RIO DE JANEIRO — There is one team competing at the Summer Olympics that doesn’t represent a nation or a territory. Its athletes compete in the name of something greater that knows no borders and belongs exclusively to no banner: hope for a better life.
The members of the first-ever Refugee Olympic Team (ROT) already had made history before they set foot inside Maracana Stadium for the Opening Ceremony Friday night. They left behind their families, their countries, and life-threatening circumstances because they had no choice.
If the Dallas Cowboys are “America’s Team” in football, then the refugee team is “Humanity’s Team” at these Olympics.
Created by the International Olympic Committee in response to the worldwide refugee crisis, the 10-member squad has been one of the most popular teams here. They’ve been mobbed by media like the Beatles and showered with cheers and compassion from their fellow athletes and Rio workers.
Forget Zika and bacteria-laden water. The biggest health risk to the Refugee Team is the media.
They were nearly trampled by voracious media members Wednesday night at their welcoming ceremony in the Olympic village. The team’s press manager, Sophie Edington, had to physically block one overzealous television reporter. She has been inundated with so many media requests she had to put up her out-of-office e-mail reply.
It’s hard not to juxtapose the overwhelming acceptance and adulation the ROT has received with the demonization and denial that refugees, particularly from Syria, have been confronted with in Europe and the United States.
Two members of the team, which comprises six men and four women from four countries, are Syrian refugees: swimmers Yusra Mardini and Rami Anis.
“We are representing millions of refugees all over the world and showing that refugees can do something,” said 400-meter runner James Nyang Chiengjiek, who fled South Sudan at age 13 rather than be conscripted as a child soldier. “I am so happy that the president of the IOC gave us this chance. He did not allow politics to come into sport. May God reward him.”
The United Nations Refugee Agency reported in June that wars and persecutions had displaced 65.3 million people at the end of 2015.
The 10 athletes were selected from a pool of 43 candidates, winnowed from almost 1,000. They were assessed on sporting level, UN refugee status, and personal background.
The Refugee Team athletes wear black warm-ups with the “ROT” name and will compete under the five-ringed Olympic flag. The athletes originally hail from South Sudan, Syria, the Democratic Republic of Congo, and Ethiopia.
“We do not speak the same language,” said Mardini. “We are from different countries. But the Olympic flag unites all of us together and now we are representing 60 million around the world.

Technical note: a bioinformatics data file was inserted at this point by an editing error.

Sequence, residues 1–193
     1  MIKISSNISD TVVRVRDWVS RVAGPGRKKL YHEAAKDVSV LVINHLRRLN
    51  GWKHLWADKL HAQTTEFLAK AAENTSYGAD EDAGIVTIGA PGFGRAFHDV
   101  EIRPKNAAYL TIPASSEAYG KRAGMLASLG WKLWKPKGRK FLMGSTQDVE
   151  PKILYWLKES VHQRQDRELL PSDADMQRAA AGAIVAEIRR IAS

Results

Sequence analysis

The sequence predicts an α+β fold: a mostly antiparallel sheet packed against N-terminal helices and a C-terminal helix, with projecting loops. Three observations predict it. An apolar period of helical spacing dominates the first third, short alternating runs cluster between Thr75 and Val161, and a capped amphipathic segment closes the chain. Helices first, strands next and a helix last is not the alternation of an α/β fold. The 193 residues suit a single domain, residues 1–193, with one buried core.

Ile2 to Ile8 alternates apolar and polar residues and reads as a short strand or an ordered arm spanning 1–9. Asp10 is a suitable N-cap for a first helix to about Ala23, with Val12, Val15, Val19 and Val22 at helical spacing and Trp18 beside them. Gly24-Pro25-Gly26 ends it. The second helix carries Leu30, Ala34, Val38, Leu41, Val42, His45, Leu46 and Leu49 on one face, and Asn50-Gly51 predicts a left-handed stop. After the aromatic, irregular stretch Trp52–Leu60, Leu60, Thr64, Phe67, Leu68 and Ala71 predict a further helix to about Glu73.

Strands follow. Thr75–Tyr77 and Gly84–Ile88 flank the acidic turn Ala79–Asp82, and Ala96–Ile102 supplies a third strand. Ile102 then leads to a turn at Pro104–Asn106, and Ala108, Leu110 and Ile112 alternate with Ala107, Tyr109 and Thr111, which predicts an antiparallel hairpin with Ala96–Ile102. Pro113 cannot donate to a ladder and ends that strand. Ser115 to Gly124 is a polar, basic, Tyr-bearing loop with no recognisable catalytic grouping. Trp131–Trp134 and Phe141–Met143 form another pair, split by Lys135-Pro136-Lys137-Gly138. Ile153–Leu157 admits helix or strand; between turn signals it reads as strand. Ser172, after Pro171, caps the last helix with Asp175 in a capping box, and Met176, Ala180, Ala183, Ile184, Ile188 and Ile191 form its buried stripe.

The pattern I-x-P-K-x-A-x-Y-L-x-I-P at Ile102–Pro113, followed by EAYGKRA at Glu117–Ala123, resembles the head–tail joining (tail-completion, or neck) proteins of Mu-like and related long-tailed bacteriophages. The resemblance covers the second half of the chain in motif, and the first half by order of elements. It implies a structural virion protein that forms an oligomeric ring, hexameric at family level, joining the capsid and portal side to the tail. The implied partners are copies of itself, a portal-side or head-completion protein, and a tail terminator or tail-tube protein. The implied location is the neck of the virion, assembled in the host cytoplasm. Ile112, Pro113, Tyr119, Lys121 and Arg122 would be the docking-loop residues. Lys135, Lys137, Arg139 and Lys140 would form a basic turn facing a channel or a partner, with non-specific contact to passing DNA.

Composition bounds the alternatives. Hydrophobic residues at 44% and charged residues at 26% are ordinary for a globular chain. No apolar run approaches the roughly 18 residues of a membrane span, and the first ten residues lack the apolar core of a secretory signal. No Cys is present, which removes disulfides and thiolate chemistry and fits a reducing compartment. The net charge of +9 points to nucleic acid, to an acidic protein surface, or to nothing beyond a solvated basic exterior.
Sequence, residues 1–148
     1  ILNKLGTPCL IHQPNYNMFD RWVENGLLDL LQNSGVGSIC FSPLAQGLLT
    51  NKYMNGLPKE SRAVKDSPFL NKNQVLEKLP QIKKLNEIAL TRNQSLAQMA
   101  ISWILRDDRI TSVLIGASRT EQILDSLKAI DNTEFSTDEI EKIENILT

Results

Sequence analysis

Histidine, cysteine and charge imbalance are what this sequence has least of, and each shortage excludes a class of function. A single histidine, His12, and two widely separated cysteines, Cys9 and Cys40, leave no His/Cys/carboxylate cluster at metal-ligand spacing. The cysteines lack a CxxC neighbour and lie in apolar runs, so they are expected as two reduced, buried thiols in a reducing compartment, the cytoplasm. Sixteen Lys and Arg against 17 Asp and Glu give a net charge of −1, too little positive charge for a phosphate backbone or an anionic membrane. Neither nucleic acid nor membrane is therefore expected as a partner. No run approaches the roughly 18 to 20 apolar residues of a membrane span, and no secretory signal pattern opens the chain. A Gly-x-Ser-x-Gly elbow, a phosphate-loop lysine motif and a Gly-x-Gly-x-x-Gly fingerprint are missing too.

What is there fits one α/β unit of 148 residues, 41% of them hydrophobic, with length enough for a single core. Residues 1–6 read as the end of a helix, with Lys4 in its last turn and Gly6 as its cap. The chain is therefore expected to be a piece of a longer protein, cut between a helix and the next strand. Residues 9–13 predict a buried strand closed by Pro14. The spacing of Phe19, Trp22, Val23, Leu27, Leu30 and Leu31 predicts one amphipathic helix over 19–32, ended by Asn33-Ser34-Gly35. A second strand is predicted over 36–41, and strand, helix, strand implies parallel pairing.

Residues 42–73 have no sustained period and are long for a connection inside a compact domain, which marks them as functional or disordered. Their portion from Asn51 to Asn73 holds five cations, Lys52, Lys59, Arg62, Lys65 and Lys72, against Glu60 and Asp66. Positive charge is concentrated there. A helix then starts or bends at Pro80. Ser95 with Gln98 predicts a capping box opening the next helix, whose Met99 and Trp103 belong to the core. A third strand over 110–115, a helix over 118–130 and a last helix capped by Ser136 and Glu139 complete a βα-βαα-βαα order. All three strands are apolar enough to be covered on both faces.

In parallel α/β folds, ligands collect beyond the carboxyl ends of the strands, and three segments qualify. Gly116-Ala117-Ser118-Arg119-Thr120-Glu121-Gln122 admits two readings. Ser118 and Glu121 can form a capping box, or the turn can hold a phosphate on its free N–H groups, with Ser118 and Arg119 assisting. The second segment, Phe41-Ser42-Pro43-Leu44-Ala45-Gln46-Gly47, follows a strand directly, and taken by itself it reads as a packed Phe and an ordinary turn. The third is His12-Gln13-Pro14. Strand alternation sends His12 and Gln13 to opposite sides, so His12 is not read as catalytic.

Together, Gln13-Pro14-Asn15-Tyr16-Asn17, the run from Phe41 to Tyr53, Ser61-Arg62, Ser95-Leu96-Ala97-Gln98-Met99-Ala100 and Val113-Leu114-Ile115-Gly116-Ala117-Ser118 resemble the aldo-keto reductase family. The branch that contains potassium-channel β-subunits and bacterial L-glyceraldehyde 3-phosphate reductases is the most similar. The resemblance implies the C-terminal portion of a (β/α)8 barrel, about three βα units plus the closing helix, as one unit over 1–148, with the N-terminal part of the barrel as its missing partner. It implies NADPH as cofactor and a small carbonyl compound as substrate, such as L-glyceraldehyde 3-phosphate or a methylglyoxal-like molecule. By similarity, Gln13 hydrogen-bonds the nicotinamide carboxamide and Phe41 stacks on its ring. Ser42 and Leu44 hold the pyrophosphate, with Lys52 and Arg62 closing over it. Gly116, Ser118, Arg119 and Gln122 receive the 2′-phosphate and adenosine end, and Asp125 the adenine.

“We want to do our best to show everyone that we can do everything we can for being good athletes and good people.”
Swimming at the Olympic Aquatics Stadium in Rio in the 100-meter butterfly and freestyle events is nothing after the 18-year-old Mardini had to literally swim for her life to gain asylum in Germany.
A year ago at this time, she fled Syria with her older sister, Sarah.
They reached Turkey, and then with a group of more than two dozen refugees they hired smugglers to try to get them to Greece. The smugglers packed the group onto a small dinghy. But the motor on the boat broke, dooming their voyage.
Mardini, who had been a competitive swimmer for Syria, and her sister were two of the few people who could swim. Aided by two others, they dived in, grabbed a rope, and tugged the boat in the rough waters of the northern Aegean Sea for 3½ hours to the Greek island of Lesbos, off the coast of Turkey.
Yiech Pur Biel, an 800-meter runner from South Sudan, also had a harrowing path to Olympus. He left South Sudan in 2005, when his village came under attack.
“They came and attacked our village,” said Biel. “We had to lie in the bushes for three days when we could only live from fruit and leaves. I was 10. I feared I might be killed.”
These stories put the stakes of the Olympic Games into proper perspective.
They also explain the sheer joy that the refugee athletes have partaking in the Olympic experience.
There was wild cheering from Olympic representatives and the other delegations when the team was introduced at the Olympic village welcome ceremony.
While the flags of nations such as Nepal and Paraguay were raised, the refugee team saw the Olympic flag raised in their honor.
They stood at attention as the Olympic Hymn was played in lieu of a national anthem, some of them pumping fists.
At the conclusion of the ceremony, a few members of the ROT danced jubilantly with a Brazilian artistic dance troupe that had been part of the welcome ceremony.
It was a preview of the pomp, circumstance, and universal acceptance the Refugee Team would be swathed in at the Opening Ceremony.
Led by flag bearer Rose Nathike Lokonyen, a women’s 800-meter runner from South Sudan, the Refugee Olympic Team marched into the Maracanã Stadium under the Olympic flag at 10:52 p.m. Rio time. The penultimate team in the parade of nations at an awe-inspiring and iridescent Opening Ceremony. Only host Brazil had to wait longer and got a more heartfelt ovation.
While thrilled to be embraced at the Games, these athletes aspire to be residents, not refugees.
“We represent people who are oppressed, who are living with injustice, and we really hope that wars will end soon,” said Anis, the male Syrian swimmer.
“We want an end to the killings and the massacres so we can compete under our national flag. There is nothing more important to us than our homelands.
“I hope that by the time of the next Olympics in 2020, there will be no refugees and we will be able to compete under our own flag.”
For now, they compete under the flag of humanity and hope.
Christopher L. Gasper can be reached at email@example.com. Follow him on Twitter @cgasper.